Workers are one size, about 1/8 inch and light to dark brown.
The waist (pedicel) has one node.
The tip of the gaster lacks a circle of hairs.
They may emit a stale greasy or musty odor when crushed. These ants do not have a stinger.
Inside: can be found near water pipes, sinks, potted plants and water leaks.
Outside: can be found in moist areas under logs, boards, stones, concrete slabs, debris, mulch, leaves and pine straw.
Usually nest near a moisture source.
Workers follow trails when foraging. They commonly tend honeydew-producing insects (e.g., aphids).
Sweets are the favored food, but they will feed on most any food source.
Colonies can be very large and have multiple queens and nests.
Monitor areas of historic infestation.
Bait as early in the season as possible to prevent buildup of large populations.
Respond to protein baits early in the season; consider using a liquid, sugar-based bait during the summer.
Make sure to use enough product, as the label direction allows.
Perimeter liquid treatments with products containing fipronil are a popular option; however, the label limits the number of times per year it can be used
Do not apply perimeter spray treatments in the same area as baits
Follow trails back to nests, treating trails and nests (not allowed with fipronil) to remove breeding sites.
This ant tends honeydew producing insects, so controlling plant-feeding insects may aid in control.

Bigheaded ant Pheidole spp

Adult bigheaded ant

Workers are dimorphic (major and minor workers).
This ant receives its common name from the large-sized head of the major worker, or “soldier.”
Minor workers are small (2 mm) reddish brown ants.
Majors are much larger (3 to 4 mm), but only constitute about 1% of foragers.
Petiole of both worker forms is two-segmented and the post-petiolar node is conspicuously swollen.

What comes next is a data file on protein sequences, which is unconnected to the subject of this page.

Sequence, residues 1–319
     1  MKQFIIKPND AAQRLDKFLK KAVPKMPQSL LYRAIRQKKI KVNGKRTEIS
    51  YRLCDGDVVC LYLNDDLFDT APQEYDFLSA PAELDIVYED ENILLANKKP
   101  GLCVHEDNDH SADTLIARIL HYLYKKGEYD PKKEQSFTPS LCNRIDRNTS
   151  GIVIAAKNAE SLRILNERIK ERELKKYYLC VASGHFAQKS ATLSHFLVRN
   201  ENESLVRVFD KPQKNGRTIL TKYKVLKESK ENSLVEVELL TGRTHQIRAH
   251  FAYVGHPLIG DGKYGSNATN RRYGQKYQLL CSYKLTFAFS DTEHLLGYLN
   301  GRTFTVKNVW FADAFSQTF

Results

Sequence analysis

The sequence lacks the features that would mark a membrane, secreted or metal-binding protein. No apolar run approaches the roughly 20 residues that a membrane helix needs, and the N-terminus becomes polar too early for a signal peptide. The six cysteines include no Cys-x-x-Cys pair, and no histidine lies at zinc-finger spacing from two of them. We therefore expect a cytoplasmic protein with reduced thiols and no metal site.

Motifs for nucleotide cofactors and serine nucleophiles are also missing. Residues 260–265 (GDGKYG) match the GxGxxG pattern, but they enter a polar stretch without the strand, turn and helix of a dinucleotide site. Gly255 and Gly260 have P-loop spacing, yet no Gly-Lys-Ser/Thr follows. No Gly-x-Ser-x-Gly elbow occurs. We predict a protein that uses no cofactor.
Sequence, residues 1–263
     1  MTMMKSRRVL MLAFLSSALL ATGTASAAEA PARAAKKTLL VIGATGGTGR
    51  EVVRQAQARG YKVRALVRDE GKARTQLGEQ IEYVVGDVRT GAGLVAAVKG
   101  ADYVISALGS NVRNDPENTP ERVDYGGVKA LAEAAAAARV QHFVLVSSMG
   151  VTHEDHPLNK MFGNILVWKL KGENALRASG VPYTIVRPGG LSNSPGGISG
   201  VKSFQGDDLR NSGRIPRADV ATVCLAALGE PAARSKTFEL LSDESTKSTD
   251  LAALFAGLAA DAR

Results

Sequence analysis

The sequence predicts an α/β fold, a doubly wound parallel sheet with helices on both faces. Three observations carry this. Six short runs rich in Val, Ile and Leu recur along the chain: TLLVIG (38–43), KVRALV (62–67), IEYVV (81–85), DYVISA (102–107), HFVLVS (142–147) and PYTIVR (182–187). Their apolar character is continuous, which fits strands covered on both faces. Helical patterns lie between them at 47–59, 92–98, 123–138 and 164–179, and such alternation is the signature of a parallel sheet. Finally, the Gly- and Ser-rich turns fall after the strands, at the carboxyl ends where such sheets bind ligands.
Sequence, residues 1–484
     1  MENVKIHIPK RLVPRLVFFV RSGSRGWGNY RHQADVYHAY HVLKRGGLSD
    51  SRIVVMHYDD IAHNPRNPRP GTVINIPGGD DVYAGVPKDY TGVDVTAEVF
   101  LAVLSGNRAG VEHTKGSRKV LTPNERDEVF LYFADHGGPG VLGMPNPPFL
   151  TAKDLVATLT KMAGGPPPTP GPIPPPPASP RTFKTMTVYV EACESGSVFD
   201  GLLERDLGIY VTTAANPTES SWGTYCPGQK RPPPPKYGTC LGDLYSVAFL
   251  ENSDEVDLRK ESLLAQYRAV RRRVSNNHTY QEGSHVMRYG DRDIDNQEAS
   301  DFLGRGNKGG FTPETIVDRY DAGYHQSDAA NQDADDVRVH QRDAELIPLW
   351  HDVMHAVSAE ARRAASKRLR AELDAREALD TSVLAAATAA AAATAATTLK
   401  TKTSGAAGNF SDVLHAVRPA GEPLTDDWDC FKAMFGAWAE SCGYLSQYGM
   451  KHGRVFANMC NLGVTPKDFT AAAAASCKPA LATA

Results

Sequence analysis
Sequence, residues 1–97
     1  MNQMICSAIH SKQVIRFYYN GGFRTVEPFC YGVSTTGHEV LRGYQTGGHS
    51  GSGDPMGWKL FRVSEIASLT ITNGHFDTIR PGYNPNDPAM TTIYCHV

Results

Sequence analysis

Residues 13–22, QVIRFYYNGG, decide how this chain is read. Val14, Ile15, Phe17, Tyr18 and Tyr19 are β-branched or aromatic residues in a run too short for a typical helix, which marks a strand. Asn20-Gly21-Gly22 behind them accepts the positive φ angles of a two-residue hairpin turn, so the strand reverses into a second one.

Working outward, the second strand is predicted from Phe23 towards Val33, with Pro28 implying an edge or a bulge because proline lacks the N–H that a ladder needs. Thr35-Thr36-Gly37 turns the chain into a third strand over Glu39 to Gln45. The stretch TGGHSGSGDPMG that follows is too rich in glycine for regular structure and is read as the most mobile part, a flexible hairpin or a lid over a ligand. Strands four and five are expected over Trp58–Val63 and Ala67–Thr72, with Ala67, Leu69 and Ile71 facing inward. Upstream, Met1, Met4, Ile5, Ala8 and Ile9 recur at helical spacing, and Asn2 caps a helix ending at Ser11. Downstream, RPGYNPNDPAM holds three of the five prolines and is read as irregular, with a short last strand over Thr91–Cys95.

Antenna is twelve-segmented with a three-segmented club.
Entire body is covered with sparse, long hairs.
Inside: exterior walls of structures as ants climb into attics or other natural or artificial voids.
Outside: can be found nesting in disturbed soils, lawns, flowerbeds, under objects, such as bricks, cement slabs, or flowerpots, around trees or water pipes, along the base of structures, and walkways, where displaced soil is usually observed from the action of ants digging below the surface.Note: this ant can expand into neighboring areas by following along these lawn-walkway edges or roadways. Population movements into new areas to establish nests and subsequent displacement of other ant populations can be rapid.
Trophallaxis is frequently observed between two minor workers, or a minor and major worker which is important with baiting.
Bait preference: oil-based fire ant bait, also will feed on protein, glucose, or lipids. Be sure to read the product label to make sure that the product also lists big-headed ants.
If the colonies (or nests) can be located, it is best to eliminate the colonies by using a residual insecticide soil drench to treat the nest.

Ghost Ant Tapinoma melanocephalum

ghost ant (Tapinoma melanocephalum)

Ghost ant tending mealybug


Workers are one size, about 1/16 inch. The head and thorax are dark brown to black.
Antennae, waist (pedicel), gaster and legs are pale in color.
Waist has one flattened node hidden by the base of the gaster.
The tip of the abdomen lacks a circle of hairs.
Can emit a nauseous, rotten coconut-like odor when crushed.
Inside: can nest in cabinets, walls and potted plants and behind baseboards.
Outside: can be found under logs, stones, potted plants, etc.
These ants prefer sweets but will eat insects. They tend insects for honeydew. Because of their high-water requirements, they can be found trailing to water sources.
Bait preference: sweet and protein
Reduce moisture sources, including condensation, and leaks.
A thorough inspection inside and out is crucial to determine ant nest locations.
If possible, follow the trails back to the nest and treat the nest. If treating the trails with bait check within one or two days to see if the ants are feeding. If not, relocate the bait.
Indoor colonies nesting within voids can be controlled with baits.
Access of foragers entering from outdoors through cracks and crevices or screens may be restricted with barrier sprays if necessary.
It may be necessary to pre-bait with sweets if nests cannot be located to draw ants out.

Odorous house ants Tapinoma sessile

odorous house ant (Tapinoma sessile)